Currently, the solar plant meets 5% of the university campus’s energy needs, with CHP meeting 60%. There is a net zero export agreement at the site, controlled with smart software that enables automatic ramping down of the CHP to a minimum of 50% to allow the solar array to shine. “There is scope to expand the PV array of course,” Lloyd adds. “That is the beauty of C&I solar: it is a little bit like Lego. We can add more and more as the university wishes, which would gradually reduce the requirement for CHP. Working with Hanwha Q Cells is also a benefit for all concerned, because the company was actively involved in technical and project support, assisting with commercial discussions for the end client and, of course, supplying the actual solar modules – the most vital component of the lot.”
A greener greenhouse
In Atri, in the Teramo Province of the Abruzzo region of Italy, many notable farms produce some of the country’s finest fruit, vegetable and meat products. One particular farm, famous for its prosciutto Crudo Parma ham, first adopted solar PV in 2009, back when the government offered very generous FIT rates.
For seven years a 500 kWp solar array pumped out PV electricity atop the farm’s 8,000 m² greenhouse roof, until a particularly snowy winter in 2016 brought the greenhouse – and its solar array – crashing down.
“On such a large, single rooftop, the weight of the snow on top of the array proved too much, compounded by immediate heavy rain” said Marco Panzavuota, sales and marketing manager at Italian renewable energy developer Green Energy Services. “Because the snow had collected in the middle of the rooftop, it did not melt, and eventually this caused the structure to collapse.”
Faced with a decision to make on how best to rebuild, the farm operator enlisted Green Energy Services to discuss with the insurance company how to avoid a similar fate. They decided to build five smaller, separate greenhouses on the site, each comprising its own solar array, but all connected to a single central inverter.
This approach gave the farm more flexibility for rearing and growing different produce and crops, but it meant a few engineering and regulatory challenges for the renewable energy developer. “We assessed that having five separate rooftops would be safer than installing one large array on to another 8,000 square meter greenhouse,” Panzavuota explained. “But because the terms of the new installation were different from the old array, we had to go back to Italy’s energy regulator, the GSE, in order to secure permission to receive the same FIT. The GSE had to approve the new shape design and sizing of the array, but it was actually a straightforward process.”
In technical terms, the new system is actually slightly smaller – at 492 kWp – than its predecessor, but produces more in terms of power output. “The old array used 225 W solar panels from a Chinese supplier, but we rebuilt the five separate arrays using Hanwha Q Cells’ 300 W Q.PEAK-G4.1 monocrystalline modules, which gave us more flexibility,” said Panzavuota.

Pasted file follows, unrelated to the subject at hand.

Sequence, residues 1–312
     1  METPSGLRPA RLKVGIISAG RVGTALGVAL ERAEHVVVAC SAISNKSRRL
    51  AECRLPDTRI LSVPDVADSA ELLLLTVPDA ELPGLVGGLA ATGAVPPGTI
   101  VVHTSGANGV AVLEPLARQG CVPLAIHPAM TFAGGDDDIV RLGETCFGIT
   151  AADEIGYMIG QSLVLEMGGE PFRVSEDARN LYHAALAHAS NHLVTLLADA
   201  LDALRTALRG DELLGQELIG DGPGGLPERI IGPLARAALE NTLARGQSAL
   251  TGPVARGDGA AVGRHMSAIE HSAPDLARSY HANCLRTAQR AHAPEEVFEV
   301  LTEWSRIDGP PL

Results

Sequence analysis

Solar powers solar
Remaining in Italy, microinverter specialist Elettronica FM has recently begun construction of a large C&I solar installation that will cover its main microinverter production facility in Guidizzolo, Mantova, northern Italy.
The rooftop portion of the array will be 451.44 kWp once completed, with the front and sides of the factory also set to be bedecked in solar panels – adding an extra 95.04 kWp capacity. Every solar panel installed will be fitted with Elettronica’s own microinverters, making the completed array one of the largest microinverter-powered C&I installations in Europe.
“The main portion of the array, on the rooftop, is being built using half-cell technology from Hanwha Q Cells, the Q.PEAK DUO-G5, while the sides and front of the building are being fitted with the Q.PEAK BLK 310 W modules, for their aesthetic appeal,” said Mauro Ferrari, general manager at Elettronica FM. By combining high power modules with microinverter technology, Ferrari is convinced that this installation can demonstrate how microinverters can play a leading role in shaping the subsidy-free solar markets of the future.
The need for speed
For many C&I customers, adopting solar PV is contingent upon how the costs stack up. Although solar module prices have tumbled in recent years – and are set to fall even further following recent policy shakeups in China and the removal in Europe of the Minimum Import Price – other financial factors are at play. Hence, the more quickly a solar array can be installed and connected is vital.
In Germany, established solar developer Kintlein & Ose GmbH recently installed a 749 kWp solar array atop a series of agricultural buildings to the west of Berlin in just ten days. The subsidy-free project is another building block for Germany’s expanding C&I solar space – a sector that Kintlein & Ose MD Steffen Kintlein believes has vast capacity to not only grow, but actively take the lead on the nation’s energy transition.
“Germany has vast potential for C&I installations,” Kintlein said. “Companies in this space represent a huge part of the nation’s electricity consumption, and a growing number of firms have already made firm commitments to solar energy and international initiatives, such as sourcing 100% renewable energy.” A lofty goal indeed for companies, entire cities, nations, even the entire planet – and one that can only be made likely with global and innovative C&I solar support.
By Ian Clover, Manager Corporate Communications, Hanwha Q Cells.